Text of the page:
History is prologue:

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The last time the government sought a ‘warp speed’ vaccine, it was a fiasco

It was 1976, and President Gerald Ford was racing to come up with a vaccine for a new strain of swine flu

President Gerald Ford receives a swine flu inoculation from White House physician William Lukash in 1976. (David Hume Kennerly/Gerald R. Ford Library)
President Gerald Ford receives a swine flu inoculation from White House physician William Lukash in 1976. (David Hume Kennerly/Gerald R. Ford Library) 
By 
Michael S. Rosenwald 
May 1, 2020 at 10:20 a.m. MST

The federal government has launched “Operation Warp Speed” to deliver a covid-19 vaccine by January, months ahead of standard vaccine timelines.

The last time the government tried that, it was a total fiasco.

Gerald Ford was president. It was 1976. Early that year, a mysterious new strain of swine flu turned up at Fort Dix in New Jersey. One Army private died. Many others became severely ill. The nation’s top infectious disease doctors were shaken.

“They were well aware of the ravages of the 1918 flu, and this virus appeared to be closely related,” political scientist Max J. Skidmore wrote in his book “Presidents, Pandemics, and Politics.” “The officials were concerned about a repetition of the tragedy, or the threat of perhaps an even more virulent pandemic.”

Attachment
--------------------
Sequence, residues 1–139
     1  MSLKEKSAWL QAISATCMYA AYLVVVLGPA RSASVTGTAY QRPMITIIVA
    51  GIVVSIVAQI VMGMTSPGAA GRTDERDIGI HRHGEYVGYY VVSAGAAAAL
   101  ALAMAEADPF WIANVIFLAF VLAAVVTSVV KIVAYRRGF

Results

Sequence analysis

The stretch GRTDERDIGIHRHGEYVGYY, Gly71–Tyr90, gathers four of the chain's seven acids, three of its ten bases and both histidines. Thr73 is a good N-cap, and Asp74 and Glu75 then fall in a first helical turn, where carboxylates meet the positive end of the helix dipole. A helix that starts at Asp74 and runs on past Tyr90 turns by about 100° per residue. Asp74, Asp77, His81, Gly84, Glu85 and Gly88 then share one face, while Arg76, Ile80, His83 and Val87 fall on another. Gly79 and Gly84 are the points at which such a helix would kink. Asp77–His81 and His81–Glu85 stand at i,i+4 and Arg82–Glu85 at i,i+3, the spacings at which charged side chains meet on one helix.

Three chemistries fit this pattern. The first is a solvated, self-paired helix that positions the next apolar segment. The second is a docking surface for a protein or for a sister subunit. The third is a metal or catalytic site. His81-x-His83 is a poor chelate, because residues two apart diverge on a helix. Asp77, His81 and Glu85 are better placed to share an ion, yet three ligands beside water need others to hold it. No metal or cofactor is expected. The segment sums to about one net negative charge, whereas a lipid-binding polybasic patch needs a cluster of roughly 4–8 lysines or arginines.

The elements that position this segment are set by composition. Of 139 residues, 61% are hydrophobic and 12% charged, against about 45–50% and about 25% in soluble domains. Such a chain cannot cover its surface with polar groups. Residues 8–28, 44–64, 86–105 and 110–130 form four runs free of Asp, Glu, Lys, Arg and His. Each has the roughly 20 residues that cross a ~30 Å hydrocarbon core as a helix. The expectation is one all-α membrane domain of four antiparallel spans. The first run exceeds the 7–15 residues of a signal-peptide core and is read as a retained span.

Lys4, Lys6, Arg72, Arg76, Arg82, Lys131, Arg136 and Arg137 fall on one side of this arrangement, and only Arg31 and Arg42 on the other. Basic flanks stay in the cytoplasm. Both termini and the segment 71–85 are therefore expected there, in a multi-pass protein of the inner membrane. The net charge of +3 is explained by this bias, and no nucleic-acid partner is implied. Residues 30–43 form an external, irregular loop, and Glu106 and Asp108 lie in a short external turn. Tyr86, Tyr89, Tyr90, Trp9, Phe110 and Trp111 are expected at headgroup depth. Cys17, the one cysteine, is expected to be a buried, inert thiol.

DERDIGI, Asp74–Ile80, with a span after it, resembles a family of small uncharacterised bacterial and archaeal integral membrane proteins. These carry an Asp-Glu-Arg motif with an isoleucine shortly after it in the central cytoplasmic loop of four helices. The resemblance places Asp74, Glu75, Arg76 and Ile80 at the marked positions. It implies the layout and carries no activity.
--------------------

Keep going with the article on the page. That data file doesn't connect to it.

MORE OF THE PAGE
History’s deadliest pandemics, from ancient Rome to modern America

Ford raced to come up with a response, consulting with Jonas Salk and Albert Sabin, the scientists behind the polio vaccine, and in late March he announced an audacious plan for the federal government to produce the vaccine and organize its distribution.

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“No one knows exactly how serious this threat could be,” Ford said, with Salk and Sabin by his side, a shocking sight given the two scientists had become enemies over who should get credit for the polio vaccine. “Nevertheless we cannot afford to take a chance with the health of our nation.”

Every American, Ford said, would be vaccinated.

The government had never attempted such an endeavor — both in its breadth and speed.

Almost immediately, there was chaos.

According to Skidmore, a professor at the University of Missouri at Kansas City, insurers were concerned about liability and balked at covering the costs. Manufacturers the government wanted to partner with had similar concerns, prompting Congress to pass a law waiving liability.

One manufacturer produced 2 million doses with the wrong strain. As tests progressed, more scientific problems emerged — even as there were few, if any, signs that a pandemic was materializing. In June, tests showed the vaccine was not effective in children, prompting a public squabble between Salk and Sabin over who should be vaccinated.

Jonas Salk, developer of the polio vaccine, holds a rack of test tubes in his lab in Pittsburgh in 1954. (AP)
Jonas Salk, developer of the polio vaccine, holds a rack of test tubes in his lab in Pittsburgh in 1954. (AP) 

But Ford was undeterred. He directed the vaccination program to proceed, announcing plans to inoculate 1 million people per day by the fall — an unprecedented timeline the government struggled to meet.

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By mid-October, vaccinations were underway. Ford was injected by the White House doctor.

And then more problems emerged. There were reports of sporadic deaths possibly connected to the vaccine. Cases of Guillain-Barre syndrome also emerged, and are still cited today by the anti-vaccine movement. Panic emerged, with dozens of states pausing vaccinations.